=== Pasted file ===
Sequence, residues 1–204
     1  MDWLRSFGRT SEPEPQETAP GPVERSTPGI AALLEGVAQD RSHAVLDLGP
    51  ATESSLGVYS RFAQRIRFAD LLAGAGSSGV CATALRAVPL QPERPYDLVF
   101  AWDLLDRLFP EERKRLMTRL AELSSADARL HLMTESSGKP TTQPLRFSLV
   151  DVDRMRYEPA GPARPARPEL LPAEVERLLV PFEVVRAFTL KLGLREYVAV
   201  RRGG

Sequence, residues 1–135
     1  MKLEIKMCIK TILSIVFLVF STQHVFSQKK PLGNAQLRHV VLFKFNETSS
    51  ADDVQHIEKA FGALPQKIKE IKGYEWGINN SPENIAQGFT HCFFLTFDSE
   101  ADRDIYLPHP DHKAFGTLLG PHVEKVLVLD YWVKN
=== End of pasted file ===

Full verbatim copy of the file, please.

Sequence, residues 1–204
     1  MDWLRSFGRT SEPEPQETAP GPVERSTPGI AALLEGVAQD RSHAVLDLGP
    51  ATESSLGVYS RFAQRIRFAD LLAGAGSSGV CATALRAVPL QPERPYDLVF
   101  AWDLLDRLFP EERKRLMTRL AELSSADARL HLMTESSGKP TTQPLRFSLV
   151  DVDRMRYEPA GPARPARPEL LPAEVERLLV PFEVVRAFTL KLGLREYVAV
   201  RRGG

Sequence, residues 1–135
     1  MKLEIKMCIK TILSIVFLVF STQHVFSQKK PLGNAQLRHV VLFKFNETSS
    51  ADDVQHIEKA FGALPQKIKE IKGYEWGINN SPENIAQGFT HCFFLTFDSE
   101  ADRDIYLPHP DHKAFGTLLG PHVEKVLVLD YWVKN